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Nissan’s Faraday cage armrest is the abstinence of mobile driving distraction – A N I T H
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Nissan’s Faraday cage armrest is the abstinence of mobile driving distraction

Nissan’s Faraday cage armrest is the abstinence of mobile driving distraction


Nissan has released details of a new prototype it designed to help drivers keep their mind on the super dangerous and highly complicated task of driving, which is the only thing they should be paying attention to when behind the wheel of many thousands of pounds of high-speed metal and combustible gas. The Nissan Signal Shield is an arrest compartment that doubles as a Faraday cage, blocking all wireless signals when throw your phone inside and shut the lid.

The prototype reveal comes as automakers, regulators, device and mobile software makers alike are all trying to figure out creative solutions to the growing problem of distracted driving. Smartphones and tablets are basically designed to be addictive, but that presents a problem when that desire to mess around with them extends to your time behind the wheel. One of Nissan’s proposed solutions is an invention from the 1830s, albeit updated for the urban professional with stylish trim and direct integration into the Nissan Juke’s front center armrest.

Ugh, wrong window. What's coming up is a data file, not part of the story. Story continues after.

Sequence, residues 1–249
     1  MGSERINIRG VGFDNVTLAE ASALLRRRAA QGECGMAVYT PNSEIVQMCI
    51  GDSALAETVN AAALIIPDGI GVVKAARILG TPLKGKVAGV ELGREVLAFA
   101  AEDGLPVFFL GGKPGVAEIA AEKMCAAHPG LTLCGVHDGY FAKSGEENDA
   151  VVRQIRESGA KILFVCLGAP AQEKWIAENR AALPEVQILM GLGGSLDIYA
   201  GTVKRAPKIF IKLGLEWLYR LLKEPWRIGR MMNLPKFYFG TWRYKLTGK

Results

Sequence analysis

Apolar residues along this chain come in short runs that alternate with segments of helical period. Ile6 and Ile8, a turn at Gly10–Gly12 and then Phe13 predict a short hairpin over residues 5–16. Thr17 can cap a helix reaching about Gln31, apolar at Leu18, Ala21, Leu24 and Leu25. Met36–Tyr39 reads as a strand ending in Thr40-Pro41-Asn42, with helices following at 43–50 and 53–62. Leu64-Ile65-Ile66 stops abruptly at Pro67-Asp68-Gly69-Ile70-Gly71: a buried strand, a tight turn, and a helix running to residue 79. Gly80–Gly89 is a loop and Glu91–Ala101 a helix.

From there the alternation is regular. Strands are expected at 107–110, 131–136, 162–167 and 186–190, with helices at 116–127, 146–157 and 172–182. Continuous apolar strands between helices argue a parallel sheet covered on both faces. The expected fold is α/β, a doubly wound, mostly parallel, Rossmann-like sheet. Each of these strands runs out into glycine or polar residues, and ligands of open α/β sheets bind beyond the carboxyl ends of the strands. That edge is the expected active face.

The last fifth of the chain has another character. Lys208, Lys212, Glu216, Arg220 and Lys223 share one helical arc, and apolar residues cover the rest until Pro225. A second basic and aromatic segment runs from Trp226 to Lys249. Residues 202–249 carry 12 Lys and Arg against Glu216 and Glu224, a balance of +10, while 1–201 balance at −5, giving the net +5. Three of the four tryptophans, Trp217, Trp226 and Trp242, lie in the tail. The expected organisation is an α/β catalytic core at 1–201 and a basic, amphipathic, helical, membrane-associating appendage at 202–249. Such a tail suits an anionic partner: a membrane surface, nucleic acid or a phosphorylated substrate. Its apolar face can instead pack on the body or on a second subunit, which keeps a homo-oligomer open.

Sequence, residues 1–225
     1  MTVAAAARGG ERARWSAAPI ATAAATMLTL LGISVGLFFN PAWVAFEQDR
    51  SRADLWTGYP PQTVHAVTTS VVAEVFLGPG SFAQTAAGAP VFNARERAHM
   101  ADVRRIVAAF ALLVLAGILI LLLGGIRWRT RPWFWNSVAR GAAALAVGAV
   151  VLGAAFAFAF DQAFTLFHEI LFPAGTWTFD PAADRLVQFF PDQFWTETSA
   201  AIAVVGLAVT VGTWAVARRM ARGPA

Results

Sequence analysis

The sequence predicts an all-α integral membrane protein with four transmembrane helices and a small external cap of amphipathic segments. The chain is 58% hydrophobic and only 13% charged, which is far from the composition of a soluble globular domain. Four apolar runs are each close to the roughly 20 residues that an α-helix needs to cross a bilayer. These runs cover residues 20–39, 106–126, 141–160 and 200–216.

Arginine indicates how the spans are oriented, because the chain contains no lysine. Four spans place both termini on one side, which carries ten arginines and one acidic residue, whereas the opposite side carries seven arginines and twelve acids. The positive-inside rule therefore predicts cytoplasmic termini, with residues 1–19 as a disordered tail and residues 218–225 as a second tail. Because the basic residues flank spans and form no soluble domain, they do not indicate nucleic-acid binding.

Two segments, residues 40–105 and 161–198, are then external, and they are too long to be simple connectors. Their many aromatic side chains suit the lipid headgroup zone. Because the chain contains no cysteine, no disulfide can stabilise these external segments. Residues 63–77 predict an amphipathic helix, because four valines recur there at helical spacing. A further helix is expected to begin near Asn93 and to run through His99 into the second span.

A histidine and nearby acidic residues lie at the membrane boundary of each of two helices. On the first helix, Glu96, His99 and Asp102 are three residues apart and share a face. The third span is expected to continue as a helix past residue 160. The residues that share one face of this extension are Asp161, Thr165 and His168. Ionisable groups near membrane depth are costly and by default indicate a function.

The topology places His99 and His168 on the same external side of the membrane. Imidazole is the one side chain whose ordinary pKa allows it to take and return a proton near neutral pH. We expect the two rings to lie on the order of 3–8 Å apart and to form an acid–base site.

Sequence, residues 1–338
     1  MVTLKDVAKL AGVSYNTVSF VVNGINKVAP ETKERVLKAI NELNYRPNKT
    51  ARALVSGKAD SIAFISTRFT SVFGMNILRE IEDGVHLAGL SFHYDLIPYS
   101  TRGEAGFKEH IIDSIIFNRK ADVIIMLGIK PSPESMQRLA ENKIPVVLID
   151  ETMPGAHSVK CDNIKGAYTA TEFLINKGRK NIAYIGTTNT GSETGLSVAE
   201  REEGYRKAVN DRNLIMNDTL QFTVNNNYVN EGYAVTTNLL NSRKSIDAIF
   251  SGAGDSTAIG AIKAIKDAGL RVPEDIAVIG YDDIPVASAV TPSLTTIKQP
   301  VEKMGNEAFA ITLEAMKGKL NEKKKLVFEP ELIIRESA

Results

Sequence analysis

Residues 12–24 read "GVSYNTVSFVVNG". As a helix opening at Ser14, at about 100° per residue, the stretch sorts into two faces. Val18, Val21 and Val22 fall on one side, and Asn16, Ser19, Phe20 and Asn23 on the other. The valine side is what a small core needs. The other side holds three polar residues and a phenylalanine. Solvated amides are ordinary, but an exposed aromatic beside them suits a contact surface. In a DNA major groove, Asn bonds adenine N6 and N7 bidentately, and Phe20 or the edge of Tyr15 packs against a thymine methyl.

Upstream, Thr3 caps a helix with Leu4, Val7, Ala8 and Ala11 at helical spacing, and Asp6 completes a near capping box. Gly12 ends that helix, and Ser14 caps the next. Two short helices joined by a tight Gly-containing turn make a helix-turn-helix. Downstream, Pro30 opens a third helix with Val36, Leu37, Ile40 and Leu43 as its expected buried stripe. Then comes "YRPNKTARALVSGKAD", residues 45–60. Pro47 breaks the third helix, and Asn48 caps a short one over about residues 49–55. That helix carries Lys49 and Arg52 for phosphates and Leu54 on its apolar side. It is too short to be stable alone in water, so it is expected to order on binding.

NISSAN SIGNAL SHIELD CONCEPT

A Faraday cage is a nice idea, and if your smartphone happens to develop sentient AI while it’s in your Signal Shield, at least the rest of the world’s networks will be protected – but it’s ultimately subject to the same failings as more pedestrian means of silencing your phone’s constant calls for attention, including Airplane Mode.

That weakness is willpower: A human is just as likely to be able and willing to keep their smartphone enclosed in the in-car Faraday cage as they are to reliably turn on Airplane mode and ignore their device while driving, which is to say not very likely at all. It is, as the headline suggests, like preaching abstinence as an effective means of preventing teen sex and pregnancy – an optimistic, naive fiction.

One thing this prototype does illustrate is the need to continue working on full autonomy, which is probably the only real solution to distracted driving, especially as opportunities for distractions seem to be getting more numerous, not less.



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Anith Gopal
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